For a nation enamored with yellow ribbons, PDA for men and women in uniform, and shouting “Support Our Troops” into the void until our lungs collapse, we sure seem to know very little about the individuals being supported. At least that’s one takeaway from a series of recent military-themed social media gaffes on the part…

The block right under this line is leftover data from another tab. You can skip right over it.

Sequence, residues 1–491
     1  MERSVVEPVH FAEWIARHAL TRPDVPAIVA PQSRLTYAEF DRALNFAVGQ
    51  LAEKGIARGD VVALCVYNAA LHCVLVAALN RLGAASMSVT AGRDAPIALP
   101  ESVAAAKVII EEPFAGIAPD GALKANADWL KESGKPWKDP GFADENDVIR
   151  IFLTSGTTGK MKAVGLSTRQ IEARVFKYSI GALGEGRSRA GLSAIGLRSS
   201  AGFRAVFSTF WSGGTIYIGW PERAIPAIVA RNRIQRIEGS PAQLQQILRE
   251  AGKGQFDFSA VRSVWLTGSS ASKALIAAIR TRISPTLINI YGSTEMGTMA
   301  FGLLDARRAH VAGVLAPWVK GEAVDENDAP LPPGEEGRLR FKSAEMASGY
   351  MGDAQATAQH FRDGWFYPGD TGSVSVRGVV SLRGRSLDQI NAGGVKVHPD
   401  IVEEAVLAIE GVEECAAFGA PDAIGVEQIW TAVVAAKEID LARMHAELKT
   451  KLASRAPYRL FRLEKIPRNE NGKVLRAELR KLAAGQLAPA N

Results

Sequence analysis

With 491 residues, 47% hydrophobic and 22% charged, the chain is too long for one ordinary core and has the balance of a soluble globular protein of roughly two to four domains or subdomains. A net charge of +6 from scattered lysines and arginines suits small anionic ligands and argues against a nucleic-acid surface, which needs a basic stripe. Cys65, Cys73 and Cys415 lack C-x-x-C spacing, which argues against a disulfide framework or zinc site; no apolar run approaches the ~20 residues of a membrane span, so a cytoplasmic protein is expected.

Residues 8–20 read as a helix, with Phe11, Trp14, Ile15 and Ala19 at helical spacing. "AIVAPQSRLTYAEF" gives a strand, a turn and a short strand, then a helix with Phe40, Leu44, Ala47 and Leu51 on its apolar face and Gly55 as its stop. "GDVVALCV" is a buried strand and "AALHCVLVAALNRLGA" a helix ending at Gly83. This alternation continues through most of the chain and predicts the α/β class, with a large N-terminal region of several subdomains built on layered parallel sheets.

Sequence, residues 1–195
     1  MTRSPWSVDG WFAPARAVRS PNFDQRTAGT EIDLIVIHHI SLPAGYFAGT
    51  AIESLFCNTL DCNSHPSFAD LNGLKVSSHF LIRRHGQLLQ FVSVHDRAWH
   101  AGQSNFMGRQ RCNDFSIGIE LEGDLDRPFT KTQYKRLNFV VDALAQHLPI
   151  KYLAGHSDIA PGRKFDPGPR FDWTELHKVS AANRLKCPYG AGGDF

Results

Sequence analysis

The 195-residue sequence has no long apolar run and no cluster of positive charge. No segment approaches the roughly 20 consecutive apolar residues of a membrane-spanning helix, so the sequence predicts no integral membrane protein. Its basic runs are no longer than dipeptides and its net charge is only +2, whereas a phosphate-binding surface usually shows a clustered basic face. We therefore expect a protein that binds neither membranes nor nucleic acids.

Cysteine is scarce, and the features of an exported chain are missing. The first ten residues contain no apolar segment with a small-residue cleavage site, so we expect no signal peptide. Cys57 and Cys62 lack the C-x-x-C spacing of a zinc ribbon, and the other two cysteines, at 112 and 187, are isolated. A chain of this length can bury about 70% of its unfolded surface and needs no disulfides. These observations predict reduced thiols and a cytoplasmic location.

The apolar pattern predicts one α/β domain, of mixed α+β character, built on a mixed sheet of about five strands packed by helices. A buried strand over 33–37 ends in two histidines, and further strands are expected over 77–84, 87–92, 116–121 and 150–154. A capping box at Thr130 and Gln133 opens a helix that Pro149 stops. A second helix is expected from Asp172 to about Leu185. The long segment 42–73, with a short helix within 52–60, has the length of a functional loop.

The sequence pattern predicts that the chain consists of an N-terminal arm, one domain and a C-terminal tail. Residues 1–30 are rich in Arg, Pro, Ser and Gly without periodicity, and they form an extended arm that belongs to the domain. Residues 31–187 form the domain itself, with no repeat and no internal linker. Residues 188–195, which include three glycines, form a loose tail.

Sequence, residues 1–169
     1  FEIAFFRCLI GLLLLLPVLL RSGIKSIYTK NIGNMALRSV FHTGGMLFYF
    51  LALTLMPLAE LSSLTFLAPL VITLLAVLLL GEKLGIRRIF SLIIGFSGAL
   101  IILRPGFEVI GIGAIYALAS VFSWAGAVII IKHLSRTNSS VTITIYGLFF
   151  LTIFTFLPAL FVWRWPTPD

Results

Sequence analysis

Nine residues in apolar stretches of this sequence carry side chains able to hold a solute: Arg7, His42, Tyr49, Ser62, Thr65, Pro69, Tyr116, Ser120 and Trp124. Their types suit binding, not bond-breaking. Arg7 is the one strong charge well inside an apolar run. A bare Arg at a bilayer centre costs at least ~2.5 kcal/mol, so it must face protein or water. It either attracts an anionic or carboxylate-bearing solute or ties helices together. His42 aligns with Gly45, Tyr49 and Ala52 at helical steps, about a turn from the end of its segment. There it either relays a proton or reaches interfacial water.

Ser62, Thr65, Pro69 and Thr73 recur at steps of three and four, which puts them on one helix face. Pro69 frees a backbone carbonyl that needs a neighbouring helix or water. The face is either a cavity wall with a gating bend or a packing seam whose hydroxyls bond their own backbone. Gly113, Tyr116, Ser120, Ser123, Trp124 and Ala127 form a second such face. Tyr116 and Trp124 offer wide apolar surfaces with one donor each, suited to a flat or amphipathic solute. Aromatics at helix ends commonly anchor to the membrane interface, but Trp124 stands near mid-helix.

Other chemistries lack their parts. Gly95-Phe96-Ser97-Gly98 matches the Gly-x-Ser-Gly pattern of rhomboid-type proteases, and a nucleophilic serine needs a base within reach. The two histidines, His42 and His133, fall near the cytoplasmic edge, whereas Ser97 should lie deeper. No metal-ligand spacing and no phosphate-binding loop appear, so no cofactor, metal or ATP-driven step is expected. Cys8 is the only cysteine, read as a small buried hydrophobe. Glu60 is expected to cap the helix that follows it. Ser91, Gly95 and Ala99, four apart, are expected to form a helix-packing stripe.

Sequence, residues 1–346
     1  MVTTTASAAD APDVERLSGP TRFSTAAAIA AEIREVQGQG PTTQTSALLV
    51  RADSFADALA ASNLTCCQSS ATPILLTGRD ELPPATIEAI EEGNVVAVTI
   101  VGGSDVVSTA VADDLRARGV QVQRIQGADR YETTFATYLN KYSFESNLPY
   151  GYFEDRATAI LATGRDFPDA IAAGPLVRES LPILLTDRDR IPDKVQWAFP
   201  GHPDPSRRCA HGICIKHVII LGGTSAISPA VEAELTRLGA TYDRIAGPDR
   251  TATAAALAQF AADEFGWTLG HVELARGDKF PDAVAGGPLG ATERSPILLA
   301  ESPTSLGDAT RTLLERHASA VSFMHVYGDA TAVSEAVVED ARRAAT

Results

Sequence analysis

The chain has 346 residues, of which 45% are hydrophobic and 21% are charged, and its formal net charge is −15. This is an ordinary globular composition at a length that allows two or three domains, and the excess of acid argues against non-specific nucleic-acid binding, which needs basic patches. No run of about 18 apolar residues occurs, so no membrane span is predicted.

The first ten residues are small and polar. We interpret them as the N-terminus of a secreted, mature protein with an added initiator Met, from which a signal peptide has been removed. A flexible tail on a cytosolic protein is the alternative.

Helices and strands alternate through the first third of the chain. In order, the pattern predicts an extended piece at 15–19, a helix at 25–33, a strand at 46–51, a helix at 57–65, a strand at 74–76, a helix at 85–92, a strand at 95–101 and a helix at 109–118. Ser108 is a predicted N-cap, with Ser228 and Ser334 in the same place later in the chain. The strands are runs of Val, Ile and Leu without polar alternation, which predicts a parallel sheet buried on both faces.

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It’s been a bad week on social media for military appreciation